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CONNECT THE WORLD

One Day Until Rio; Central London Knife Attack Likely Random, Says Metropolitan Police; African Start-up: Leti Arts; Unlucking Mystery of Zika; Fears of Disunity in Trump Campaign. Aired 11:00a-12:00p ET

Aired August 4, 2016 - 11:00:00   ET

THIS IS A RUSH TRANSCRIPT. THIS COPY MAY NOT BE IN ITS FINAL FORM AND MAY BE UPDATED.


(BEGIN VIDEO CLIP)

[11:00:35] MICHAEL PHELPS, U.S. OLYMPIC SWIMMER: I don't know if I have ever competed in a clean sport and it's upsetting.

(END VIDEO CLIP)

JONATHAN MANN, HOST: With one day to go, a doping scandal still dog's Rio's preparations for the Olympic Games. We hear how all those athletes

going for gold are being affected. We are still waiting for an International Olympic Committee a decision on Russian athletes which could

come any hour now. We are live outside Russia house in Rio in just a moment.

Also ahead, a deadly knife attack in central London just one day after the British capital unveiled it was beefing up its police presence.

Plus...

(BEGIN VIDEO CLIP)

TRUMP: I turn on the news and I see $400 million being shipped in cash.

(END VIDEO CLIP)

MANN: A secret U.S. cash transfer to Iran back in the spotlight, seized upon by the Republican

candidate for the White House.

Thank you for joining us. We'll have more on those stories in a moment, but first officials

in Dubai are investigating what caused Emirates flight EK-521 to skid on the runway, then burst into flames Wednesday. One firefighter died trying

to put out the blaze.

Tributes are pouring in for Jassim Eissa al-Baloushi with Dubai's government honoring his death, in its words, while saving the lives of

others. Miraculously, all 300 passengers and crew on board were able to evacuate the plane with only some minor injuries.

Now some of them are speaking out. CNN's Jon Jensen spoke with one of the passengers about their terrifying experience.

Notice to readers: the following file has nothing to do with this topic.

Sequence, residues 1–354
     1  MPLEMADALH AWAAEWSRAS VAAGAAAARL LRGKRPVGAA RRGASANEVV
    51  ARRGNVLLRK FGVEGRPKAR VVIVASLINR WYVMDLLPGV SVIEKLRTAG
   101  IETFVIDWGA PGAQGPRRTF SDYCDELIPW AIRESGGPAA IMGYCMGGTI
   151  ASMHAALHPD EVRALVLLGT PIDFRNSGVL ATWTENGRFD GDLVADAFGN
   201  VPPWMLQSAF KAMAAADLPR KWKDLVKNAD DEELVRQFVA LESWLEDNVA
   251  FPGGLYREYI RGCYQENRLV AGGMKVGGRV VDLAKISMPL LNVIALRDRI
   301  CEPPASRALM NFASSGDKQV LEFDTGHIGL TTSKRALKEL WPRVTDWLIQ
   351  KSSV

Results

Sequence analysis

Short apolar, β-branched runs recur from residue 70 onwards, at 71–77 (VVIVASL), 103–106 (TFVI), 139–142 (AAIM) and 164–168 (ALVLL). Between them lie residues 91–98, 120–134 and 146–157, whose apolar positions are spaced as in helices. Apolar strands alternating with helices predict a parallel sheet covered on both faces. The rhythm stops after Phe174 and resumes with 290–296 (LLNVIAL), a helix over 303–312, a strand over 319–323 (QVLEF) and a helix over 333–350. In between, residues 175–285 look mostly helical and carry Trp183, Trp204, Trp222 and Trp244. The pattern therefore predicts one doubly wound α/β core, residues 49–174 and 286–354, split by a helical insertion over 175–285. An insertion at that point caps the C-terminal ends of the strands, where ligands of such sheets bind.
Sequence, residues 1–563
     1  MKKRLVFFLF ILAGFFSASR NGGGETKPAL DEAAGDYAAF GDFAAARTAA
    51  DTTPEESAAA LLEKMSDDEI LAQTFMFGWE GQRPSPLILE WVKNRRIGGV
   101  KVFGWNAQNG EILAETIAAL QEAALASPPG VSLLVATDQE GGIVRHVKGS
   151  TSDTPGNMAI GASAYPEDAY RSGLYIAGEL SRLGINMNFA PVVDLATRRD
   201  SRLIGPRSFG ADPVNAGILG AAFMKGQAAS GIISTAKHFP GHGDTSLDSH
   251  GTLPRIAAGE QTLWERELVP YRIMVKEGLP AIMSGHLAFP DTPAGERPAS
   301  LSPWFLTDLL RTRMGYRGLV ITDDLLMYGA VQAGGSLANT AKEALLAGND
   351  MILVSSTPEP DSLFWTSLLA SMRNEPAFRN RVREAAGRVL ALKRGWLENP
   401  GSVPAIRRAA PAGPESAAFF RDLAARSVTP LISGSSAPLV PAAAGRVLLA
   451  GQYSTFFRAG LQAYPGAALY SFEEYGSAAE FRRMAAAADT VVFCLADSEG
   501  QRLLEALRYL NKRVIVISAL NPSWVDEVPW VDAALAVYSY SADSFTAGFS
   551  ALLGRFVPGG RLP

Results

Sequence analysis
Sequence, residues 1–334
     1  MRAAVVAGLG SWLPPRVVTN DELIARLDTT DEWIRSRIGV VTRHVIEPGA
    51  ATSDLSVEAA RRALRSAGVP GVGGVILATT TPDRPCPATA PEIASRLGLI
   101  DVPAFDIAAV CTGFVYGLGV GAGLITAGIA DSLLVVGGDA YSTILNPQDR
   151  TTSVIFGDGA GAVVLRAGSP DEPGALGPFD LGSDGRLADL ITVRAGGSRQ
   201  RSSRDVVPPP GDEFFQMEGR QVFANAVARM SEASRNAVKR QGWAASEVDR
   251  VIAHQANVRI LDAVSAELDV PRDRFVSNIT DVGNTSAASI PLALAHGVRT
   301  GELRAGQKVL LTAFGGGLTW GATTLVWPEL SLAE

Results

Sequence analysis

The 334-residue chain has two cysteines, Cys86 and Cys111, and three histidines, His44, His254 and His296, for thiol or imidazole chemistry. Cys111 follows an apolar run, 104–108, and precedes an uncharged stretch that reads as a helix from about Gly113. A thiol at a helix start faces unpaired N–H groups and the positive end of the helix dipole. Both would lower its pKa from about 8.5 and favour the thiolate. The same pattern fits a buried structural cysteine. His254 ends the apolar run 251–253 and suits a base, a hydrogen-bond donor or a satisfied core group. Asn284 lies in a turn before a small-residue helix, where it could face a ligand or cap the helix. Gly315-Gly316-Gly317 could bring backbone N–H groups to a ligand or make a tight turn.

(BEGIN VIDEOTAPE)

JON JENSEN, CNN CORRESPONDENT: A terrifying landing in Dubai for the 300 passenger and crew on Emirates flight 521.

Abraham Thomas was on board the plane.

ABRAHAM THOMAS, PASSENGER; I cannot imagine I'm still alive.

JENSEN: The 57-year-old says everything was normal on the approach until the plane began to lift.

THOMAS: All of a sudden I noticed that begin the flight takeoff. I wondered why this happened.

JENSEN: It then slammed into the ground.

Thomas says he saw the right engine break away and then fire. The Boeing 777 skidded for what he says felt like minutes.

What was going through your mind at that point?

THOMAS: I thought, you know, that this the end of my life. A split of a second. I took my mobile. I thought I rang up my wife and say, this is

the last call.

JENSEN: Thomas decide instead to get out. He rushed to the middle of the plane through a scene of panic that someone else captured on tape.

THOMAS: Panic. Panic, crying. A lot of course small kids. Everybody was crying. You can imagine when the life is going to be end.

JENSEN: Thomas fell off the escape slide pounding into the tarmac and injuring his arm. But amazingly, everyone on board managed to escape with

no serious injuries.

THOMAS: Now I think that god is with me, god is with me.

JENSEN: The crew, he says, waited until each passenger got off before saving themselves.

Thomas lost everything he had on board, saving his passport, boarding pass, and most

importantly, he says, his life.

(END VIDEOTAPE)

MANN: CNN's Jon Jensen joins us now live from Dubai. You know, I'm struck by how calm and composed he seemed. What kind of emotional shape was he in

after that?

JENSEN: Well, you are right, he did seem very calm and composed. In front of the camera there were some tears, but off camera a lot more tears. It

was a very emotional moment for him, that entire landing and his for family as well. He had a number of family and friends fly in from as far

away from India to come in and give him comfort in this very big moment of need.

In fact, his son was behind camera during that interview. I looked at him in one moment and he was in tears as well.

It's important to note that Thomas was grateful to both the crew and also the Emirati firefighters that extinguished this blaze in the end. And lest